The Philippines needs to tap its available fiscal space to ramp up stimulus spending as the Delta variant of Covid-19 threatens potential recovery, London-based Capital Economics recommended in a webinar.
Capital Economics senior Asia economist Gareth Leather noted that while the recent Covid-19 infections in the Philippines were relatively lower compared to spikes in neighboring Malaysia and Thailand, “cases are starting to take off as well, especially now that the Delta variant has taken place.”
Leather adds that the support extended by the Philippines and Indonesia to sectors badly hit by the crisis was “not aggressive enough, given the size of the shock that these economies have experienced.”
He adds that the fiscal position of both countries were “quite decent – they could have actually done a lot more if they wanted to.
“The danger is they are actually going to harm their economies quite significantly because there hasn’t been enough fiscal support – more businesses have gone bankrupt, and it’s likely to mean that the long-term scarring is going to be much bigger than would otherwise have been the case,” Leather noted.
With sluggish mass vaccination and meager fiscal support to date, the Philippines and tourism-dependent Thailand would suffer the worst economic scarring in Asia, he added.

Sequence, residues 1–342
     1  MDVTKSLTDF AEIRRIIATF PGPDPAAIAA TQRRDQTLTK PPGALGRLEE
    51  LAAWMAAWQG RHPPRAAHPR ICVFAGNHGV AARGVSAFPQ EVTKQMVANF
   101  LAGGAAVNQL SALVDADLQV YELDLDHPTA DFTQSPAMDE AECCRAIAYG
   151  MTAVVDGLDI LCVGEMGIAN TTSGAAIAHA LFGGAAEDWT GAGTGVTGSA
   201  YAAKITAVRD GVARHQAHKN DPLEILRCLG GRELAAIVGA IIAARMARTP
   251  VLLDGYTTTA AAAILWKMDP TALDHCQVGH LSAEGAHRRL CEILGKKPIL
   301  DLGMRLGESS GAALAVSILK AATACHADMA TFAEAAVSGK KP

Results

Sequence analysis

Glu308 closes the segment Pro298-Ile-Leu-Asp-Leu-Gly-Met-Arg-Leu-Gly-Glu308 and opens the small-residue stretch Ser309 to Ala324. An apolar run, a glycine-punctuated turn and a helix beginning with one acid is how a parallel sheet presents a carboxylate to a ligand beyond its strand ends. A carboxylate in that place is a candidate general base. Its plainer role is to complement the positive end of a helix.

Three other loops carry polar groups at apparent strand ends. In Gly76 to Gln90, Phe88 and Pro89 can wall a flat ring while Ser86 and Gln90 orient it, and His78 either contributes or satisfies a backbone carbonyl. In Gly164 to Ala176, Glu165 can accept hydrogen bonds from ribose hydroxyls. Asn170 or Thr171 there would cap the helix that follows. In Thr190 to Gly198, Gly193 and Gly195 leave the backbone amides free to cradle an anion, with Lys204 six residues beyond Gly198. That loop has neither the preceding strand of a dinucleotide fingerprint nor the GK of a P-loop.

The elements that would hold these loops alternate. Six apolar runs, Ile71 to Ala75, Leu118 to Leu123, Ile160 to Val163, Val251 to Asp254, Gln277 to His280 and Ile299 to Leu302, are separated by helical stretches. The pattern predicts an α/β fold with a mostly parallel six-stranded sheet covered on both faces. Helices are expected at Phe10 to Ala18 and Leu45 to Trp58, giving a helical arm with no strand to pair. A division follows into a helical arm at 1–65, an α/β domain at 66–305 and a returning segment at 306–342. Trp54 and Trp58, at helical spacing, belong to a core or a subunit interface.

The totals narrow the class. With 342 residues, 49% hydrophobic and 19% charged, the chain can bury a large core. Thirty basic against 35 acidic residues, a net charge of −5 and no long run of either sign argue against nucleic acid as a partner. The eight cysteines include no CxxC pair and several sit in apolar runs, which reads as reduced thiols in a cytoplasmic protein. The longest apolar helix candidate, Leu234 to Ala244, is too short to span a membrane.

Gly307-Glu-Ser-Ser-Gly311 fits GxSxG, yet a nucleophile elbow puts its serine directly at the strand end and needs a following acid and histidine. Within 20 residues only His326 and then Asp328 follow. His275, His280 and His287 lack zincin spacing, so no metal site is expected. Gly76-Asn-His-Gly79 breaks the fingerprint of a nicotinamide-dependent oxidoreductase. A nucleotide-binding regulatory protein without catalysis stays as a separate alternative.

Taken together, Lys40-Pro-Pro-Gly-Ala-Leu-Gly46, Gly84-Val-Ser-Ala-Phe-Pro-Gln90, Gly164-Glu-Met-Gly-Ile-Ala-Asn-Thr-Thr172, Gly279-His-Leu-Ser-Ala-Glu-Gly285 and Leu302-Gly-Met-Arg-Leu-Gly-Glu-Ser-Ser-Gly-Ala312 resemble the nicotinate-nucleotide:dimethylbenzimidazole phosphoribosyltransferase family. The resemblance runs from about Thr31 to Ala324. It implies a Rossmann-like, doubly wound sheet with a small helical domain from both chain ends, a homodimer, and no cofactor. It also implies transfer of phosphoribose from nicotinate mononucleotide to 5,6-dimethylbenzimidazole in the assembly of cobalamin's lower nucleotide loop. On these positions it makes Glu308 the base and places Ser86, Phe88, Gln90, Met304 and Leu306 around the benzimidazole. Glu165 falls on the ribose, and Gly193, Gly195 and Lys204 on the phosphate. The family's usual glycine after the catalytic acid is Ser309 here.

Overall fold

The Philippines, in particular, fell to its worst post-war recession last year as annual GDP shrank by a record 9.6 percent amid the longest and most stringent Covid-19 quarantine restrictions in the region. While GDP reverted to year-on-year growth of 11.8 percent during the second quarter due to low-base effects, the government expects to return to pre-pandemic output levels by 2022, among the last in the region.
The latest data from the Manila-based Asian Development Bank had shown the Philippines’ war chest to fight the prolonged pandemic amounted to $30.46 billion or 8.63 percent of GDP as of last month. Whether those funds will be used properly remains the question, especially after the Commission on Audit report on the inability of the Department of Health to properly use funds made available that could’ve greatly improved one of the weakest pandemic responses in the region.*